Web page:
Trenches created by the flying saucer trench beetle collect water because the edges are above the sand surface and perpendicular to fog-bearing wind.

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“A third method involves uptake of free water directly from fog-moistened sand. The most elaborate procedure is used by the genus Lepidochora (Seely and Hamilton, 1976) (Fig. 3 c). These flat, circular, short-legged beetles construct a shallow trench 2-4 mm deep in the moist sand surface during fogs. The ridges of the trench, elevated above the sand surface and oriented perpendicularly to the direction of the fog-bearing wind, attain a higher water content than the undisturbed surrounding sand. The beetles then return along the trench ridge, flattening it as they extract part of this moisture.” (Seely 1979:219-220)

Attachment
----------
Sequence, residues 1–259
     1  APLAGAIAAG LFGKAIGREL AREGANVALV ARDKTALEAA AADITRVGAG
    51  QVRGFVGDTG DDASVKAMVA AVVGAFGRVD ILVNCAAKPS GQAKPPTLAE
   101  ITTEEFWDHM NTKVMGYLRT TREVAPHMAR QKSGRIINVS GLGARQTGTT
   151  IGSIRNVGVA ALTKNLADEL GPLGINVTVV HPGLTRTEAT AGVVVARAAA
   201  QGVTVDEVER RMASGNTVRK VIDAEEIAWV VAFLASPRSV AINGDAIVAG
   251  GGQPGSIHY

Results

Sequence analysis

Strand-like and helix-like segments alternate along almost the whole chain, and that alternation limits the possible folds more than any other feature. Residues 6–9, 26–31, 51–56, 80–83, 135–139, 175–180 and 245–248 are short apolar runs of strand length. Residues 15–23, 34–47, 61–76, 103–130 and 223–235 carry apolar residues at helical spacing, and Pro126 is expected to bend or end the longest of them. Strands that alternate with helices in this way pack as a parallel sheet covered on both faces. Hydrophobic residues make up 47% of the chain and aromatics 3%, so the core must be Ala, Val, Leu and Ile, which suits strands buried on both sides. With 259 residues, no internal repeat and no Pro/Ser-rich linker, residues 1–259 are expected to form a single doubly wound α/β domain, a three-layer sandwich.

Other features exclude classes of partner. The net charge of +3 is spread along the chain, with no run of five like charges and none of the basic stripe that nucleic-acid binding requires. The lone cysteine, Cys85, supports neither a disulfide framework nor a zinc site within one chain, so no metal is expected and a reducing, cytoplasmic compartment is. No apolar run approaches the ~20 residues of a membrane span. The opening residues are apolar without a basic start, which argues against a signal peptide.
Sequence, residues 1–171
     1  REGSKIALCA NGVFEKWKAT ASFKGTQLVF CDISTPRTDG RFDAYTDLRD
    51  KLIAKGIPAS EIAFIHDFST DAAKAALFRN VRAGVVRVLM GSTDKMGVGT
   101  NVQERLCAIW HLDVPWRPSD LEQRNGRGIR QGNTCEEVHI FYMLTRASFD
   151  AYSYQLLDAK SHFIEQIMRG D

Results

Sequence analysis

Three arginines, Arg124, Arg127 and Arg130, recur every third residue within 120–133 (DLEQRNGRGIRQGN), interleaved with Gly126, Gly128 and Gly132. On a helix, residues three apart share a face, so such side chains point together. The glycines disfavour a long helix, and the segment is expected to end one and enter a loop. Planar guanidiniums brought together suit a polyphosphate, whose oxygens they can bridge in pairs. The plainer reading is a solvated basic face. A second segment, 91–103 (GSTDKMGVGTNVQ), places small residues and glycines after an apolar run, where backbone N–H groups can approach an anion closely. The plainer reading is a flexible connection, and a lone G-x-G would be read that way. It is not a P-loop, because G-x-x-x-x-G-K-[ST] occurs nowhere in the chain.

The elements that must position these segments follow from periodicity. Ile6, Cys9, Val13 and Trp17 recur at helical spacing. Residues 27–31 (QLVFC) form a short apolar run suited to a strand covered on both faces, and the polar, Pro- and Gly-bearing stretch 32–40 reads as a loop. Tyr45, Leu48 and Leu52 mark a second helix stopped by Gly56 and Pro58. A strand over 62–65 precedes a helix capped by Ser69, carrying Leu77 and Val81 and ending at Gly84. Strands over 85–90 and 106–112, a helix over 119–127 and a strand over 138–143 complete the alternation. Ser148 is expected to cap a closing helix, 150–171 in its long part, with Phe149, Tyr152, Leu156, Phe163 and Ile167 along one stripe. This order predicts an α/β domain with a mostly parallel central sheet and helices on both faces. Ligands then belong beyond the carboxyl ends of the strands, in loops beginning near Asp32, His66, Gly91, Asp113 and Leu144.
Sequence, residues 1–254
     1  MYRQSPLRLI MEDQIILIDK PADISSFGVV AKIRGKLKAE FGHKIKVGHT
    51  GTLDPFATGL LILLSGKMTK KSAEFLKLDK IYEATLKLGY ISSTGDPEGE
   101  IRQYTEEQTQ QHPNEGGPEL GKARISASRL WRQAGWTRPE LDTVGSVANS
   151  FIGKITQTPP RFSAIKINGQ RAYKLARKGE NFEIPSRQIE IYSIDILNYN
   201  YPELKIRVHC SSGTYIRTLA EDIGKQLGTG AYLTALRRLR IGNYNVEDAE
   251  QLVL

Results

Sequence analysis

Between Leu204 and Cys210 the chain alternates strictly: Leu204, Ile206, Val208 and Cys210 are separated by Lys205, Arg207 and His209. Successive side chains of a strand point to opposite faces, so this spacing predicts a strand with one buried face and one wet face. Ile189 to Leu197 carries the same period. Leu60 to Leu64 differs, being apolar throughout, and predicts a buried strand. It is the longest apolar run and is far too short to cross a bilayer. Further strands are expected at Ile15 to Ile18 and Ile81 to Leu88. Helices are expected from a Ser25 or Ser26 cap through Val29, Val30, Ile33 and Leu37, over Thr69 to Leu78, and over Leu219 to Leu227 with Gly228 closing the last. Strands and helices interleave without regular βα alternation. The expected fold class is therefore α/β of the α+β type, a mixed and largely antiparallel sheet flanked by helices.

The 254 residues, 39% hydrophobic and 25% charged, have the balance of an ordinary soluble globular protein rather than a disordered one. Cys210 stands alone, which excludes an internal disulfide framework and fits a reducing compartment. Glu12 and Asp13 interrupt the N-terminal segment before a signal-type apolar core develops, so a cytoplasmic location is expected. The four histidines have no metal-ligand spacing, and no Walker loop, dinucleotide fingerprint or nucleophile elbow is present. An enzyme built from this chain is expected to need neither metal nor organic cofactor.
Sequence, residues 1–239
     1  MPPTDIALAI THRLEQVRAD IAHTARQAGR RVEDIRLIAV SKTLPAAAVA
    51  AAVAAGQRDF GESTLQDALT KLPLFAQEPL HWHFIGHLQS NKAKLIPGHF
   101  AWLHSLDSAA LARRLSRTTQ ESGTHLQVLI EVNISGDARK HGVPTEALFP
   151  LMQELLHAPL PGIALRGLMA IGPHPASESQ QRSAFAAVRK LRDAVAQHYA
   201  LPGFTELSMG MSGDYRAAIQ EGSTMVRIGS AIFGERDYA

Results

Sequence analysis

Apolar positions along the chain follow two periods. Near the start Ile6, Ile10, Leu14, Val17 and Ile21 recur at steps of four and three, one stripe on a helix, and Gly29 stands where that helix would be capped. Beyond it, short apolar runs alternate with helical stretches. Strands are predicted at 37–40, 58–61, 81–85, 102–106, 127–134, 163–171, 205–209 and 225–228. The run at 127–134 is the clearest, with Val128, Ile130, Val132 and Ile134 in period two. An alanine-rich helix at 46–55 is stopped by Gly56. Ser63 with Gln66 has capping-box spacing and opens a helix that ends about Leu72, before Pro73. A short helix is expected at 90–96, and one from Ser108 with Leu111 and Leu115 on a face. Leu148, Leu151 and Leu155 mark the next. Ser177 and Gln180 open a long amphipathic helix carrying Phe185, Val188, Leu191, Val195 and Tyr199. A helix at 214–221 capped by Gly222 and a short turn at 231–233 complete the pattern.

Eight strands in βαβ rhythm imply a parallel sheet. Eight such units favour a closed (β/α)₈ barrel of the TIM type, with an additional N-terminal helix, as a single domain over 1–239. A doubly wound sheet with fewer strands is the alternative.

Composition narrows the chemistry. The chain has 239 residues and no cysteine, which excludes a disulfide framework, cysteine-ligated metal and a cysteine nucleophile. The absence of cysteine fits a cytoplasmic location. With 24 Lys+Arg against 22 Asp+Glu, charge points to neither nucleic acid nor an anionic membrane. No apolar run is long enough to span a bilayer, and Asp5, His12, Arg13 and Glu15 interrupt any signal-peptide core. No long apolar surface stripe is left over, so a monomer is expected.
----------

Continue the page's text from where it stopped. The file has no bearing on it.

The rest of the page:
Journal article
Irregular fog as a water source for desert dune beetlesOecologiaOctober 29, 2004
M. K. Seely

Journal article
Fog Catchment Sand Trenches Constructed by Tenebrionid Beetles, Lepidochora, from the Namib DesertScienceOctober 5, 2006

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Living System/s

Darkling BeetlesTenebrionidaeFamily

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